Monday, August 21, 2006

Campaign for Tobacco-Free Kids Again Suggests that Big Tobacco Opposes FDA Tobacco Legislation; Misleading and Deceptive Propaganda is Unethical

In a press release issued Monday, the Campaign for Tobacco-Free Kids (TFK) publicly implies that Big Tobacco is blocking the FDA tobacco legislation (and therefore, that Big Tobacco opposes this legislation), when in fact, the largest company of Big Tobacco - Philip Morris - supports the legislation and is putting its lobbying resources behind the promotion of the passage of these bills currently before Congress.

According to the TFK press release: "It is mind-boggling that the rogue industry described by Judge Kessler and its deadly and addictive products are exempt from basic health and safety regulations that apply to other consumable products and their manufacturers. The main reason is the millions of dollars the industry spends every year on campaign contributions and lobbying. It is time for Congress to finally end the special protection accorded the tobacco industry and pass this legislation... ."

The Rest of the Story

At least part of the rogue industry described by TFK above supports the legislation that, according to TFK, has not been enacted by Congress because of "the millions of dollars the industry spends every year on campaign contributions and lobbying."

The rest of the story is that the bulk of that tobacco industry money spent on campaign contributions and Congressional lobbying is being spent to support enactment of the FDA tobacco legislation. This is because Philip Morris is by far the greatest source of campaign contributions and lobbying expenditures and Philip Morris is lobbying in support of the legislation.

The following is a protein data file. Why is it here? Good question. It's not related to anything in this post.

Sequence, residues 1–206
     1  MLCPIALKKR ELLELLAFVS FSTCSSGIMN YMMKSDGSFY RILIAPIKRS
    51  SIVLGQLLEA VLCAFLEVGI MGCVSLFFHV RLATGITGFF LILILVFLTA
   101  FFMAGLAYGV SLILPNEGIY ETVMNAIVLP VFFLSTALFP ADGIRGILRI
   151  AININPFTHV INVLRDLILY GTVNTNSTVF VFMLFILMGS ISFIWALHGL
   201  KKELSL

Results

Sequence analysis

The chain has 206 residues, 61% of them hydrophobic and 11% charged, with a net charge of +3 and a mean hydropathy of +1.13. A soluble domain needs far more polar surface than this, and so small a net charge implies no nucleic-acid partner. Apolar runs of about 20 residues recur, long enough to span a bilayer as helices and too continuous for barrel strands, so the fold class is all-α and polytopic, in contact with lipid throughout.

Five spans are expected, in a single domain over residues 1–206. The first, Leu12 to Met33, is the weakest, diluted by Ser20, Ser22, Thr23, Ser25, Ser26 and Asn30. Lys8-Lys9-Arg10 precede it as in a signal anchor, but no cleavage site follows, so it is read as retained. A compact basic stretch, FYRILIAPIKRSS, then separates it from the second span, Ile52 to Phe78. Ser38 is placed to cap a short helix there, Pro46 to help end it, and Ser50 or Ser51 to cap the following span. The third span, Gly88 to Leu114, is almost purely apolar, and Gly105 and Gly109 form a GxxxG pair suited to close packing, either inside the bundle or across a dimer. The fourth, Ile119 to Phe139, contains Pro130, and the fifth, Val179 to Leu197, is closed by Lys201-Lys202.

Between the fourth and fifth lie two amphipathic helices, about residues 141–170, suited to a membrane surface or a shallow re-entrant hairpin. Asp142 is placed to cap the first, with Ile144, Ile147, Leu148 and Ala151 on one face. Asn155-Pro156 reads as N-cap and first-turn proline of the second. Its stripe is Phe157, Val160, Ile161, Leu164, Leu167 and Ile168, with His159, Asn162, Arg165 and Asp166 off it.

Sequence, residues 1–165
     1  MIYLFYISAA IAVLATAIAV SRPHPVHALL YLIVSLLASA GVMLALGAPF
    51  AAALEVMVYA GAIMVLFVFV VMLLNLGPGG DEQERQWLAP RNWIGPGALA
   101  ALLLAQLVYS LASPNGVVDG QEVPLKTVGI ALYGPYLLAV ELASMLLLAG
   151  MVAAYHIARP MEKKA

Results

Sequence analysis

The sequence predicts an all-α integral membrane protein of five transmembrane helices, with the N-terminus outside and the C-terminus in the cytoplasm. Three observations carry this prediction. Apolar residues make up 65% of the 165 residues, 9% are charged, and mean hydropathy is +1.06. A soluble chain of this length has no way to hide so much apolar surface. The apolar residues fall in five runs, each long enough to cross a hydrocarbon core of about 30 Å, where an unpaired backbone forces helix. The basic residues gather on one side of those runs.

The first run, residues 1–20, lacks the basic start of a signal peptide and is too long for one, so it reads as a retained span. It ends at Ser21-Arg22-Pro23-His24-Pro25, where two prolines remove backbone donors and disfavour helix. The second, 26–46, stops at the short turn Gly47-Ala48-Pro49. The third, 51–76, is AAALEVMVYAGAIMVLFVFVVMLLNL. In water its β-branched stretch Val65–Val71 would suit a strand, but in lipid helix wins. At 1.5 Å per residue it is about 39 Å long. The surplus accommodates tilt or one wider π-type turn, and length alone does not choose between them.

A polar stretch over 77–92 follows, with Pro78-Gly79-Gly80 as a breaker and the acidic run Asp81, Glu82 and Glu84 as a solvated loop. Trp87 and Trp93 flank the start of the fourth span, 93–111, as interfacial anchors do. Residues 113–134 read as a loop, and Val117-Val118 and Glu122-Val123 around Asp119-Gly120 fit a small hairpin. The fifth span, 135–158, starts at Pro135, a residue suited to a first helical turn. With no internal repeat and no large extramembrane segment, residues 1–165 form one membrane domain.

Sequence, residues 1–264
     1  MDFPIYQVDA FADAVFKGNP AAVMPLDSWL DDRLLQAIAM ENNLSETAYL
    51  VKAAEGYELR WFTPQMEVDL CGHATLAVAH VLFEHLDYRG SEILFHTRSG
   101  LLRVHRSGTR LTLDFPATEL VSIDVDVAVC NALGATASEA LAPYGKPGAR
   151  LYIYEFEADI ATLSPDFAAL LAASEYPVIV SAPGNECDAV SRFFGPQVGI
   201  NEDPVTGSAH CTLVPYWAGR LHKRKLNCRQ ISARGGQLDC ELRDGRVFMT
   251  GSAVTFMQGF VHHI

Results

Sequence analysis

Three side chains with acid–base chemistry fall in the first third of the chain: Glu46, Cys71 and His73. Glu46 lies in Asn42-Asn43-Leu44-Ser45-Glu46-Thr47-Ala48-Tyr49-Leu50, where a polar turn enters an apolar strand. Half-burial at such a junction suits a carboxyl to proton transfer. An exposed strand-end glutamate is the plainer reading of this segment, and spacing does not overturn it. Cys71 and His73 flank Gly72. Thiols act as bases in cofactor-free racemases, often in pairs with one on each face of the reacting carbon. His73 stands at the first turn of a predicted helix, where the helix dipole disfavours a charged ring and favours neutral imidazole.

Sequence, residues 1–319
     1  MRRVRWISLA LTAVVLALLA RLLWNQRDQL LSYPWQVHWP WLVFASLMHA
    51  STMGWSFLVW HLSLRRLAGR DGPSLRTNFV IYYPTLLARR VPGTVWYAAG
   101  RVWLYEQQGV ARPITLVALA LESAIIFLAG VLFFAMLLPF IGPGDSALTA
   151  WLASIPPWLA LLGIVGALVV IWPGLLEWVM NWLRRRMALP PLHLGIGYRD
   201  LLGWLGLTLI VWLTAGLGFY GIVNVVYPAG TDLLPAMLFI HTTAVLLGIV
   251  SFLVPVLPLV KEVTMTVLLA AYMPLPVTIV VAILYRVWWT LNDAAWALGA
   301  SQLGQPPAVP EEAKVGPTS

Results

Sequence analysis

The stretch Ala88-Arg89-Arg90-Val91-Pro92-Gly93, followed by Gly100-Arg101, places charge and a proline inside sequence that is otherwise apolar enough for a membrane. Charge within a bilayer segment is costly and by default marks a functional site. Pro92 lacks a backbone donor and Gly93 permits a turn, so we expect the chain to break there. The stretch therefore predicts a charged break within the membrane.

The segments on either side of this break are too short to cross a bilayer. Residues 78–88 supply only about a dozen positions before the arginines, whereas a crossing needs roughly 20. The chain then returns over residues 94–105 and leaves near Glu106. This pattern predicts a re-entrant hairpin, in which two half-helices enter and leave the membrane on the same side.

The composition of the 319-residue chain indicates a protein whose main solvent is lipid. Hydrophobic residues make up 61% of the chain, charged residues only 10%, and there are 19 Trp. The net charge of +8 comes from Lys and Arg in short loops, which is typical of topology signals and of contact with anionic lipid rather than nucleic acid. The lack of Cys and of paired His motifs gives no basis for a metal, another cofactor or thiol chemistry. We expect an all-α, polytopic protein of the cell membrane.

It is, in my opinion, grossly deceptive to suggest to the American public that the main reason why FDA tobacco legislation was not enacted is that the tobacco companies spent millions of dollars lobbying against this legislation. The truth is that most of the money spent by the industry was spent in support of this legislation. Philip Morris, which dominates the campaign contributions and lobbying, obviously was not successful in promoting the FDA tobacco legislation. So obviously, it is despite the tobacco industry campaign contributions and lobbying, not because of it, that the FDA tobacco legislation failed to be enacted by Congress.

TFK's statement is misleading and deceptive because it implies that Big Tobacco, as a whole, is opposed to legislation giving FDA the authority to regulate tobacco products. But the truth is that the largest and most dominant company - Philip Morris (which controls about half of the domestic cigarette market) - supports and is in fact behind the FDA legislation.

What I believe is happening here is that TFK is using this misleading and deceptive propaganda in an effort to promote the FDA legislation. In other words, this is a public relations lobbying ploy on the part of TFK. And in my opinion, to be deceptive on a critical point like this with the public relating to a federal policy initiative with huge public health implications is unethical.

What I find particularly ironic is that in the press release, TFK spends an inordinate amount of time criticizing the tobacco companies for all of their deception of the public over the years. But apparently, while it's wrong for the tobacco industry to deceive the public, there's nothing wrong with one of the nation's leading anti-smoking groups doing the same thing, as long as it's in the support of a policy that this group thinks is a good one.

I hate to tell my friends at TFK this, but deception is wrong in my opinion, no matter who is doing the deception. What makes it wrong is not that the tobacco industry - apparently a "rogue" industry - is doing it. What makes it wrong is that it is wrong to deceive the public, period. It is no more justified to deceive the public when you are working to protect the children then when your products are killing them.

OK - well maybe it's not quite so sinister. But it's still wrong. And that's the basis for my opinion that what the Campaign for Tobacco-Free Kids is doing here, and throughout its campaign of deception on the FDA tobacco legislation, is unethical.

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